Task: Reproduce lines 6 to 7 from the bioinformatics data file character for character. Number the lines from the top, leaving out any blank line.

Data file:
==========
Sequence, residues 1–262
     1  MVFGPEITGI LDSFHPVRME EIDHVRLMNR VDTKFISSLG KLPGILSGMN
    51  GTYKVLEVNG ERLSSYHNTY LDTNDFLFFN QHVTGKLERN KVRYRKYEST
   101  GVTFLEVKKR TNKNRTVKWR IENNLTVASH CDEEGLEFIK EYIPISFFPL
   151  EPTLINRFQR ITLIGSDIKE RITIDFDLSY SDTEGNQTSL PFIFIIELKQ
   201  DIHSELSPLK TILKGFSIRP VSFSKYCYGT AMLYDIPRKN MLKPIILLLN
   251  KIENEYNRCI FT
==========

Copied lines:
   201  DIHSELSPLK TILKGFSIRP VSFSKYCYGT AMLYDIPRKN MLKPIILLLN
   251  KIENEYNRCI FT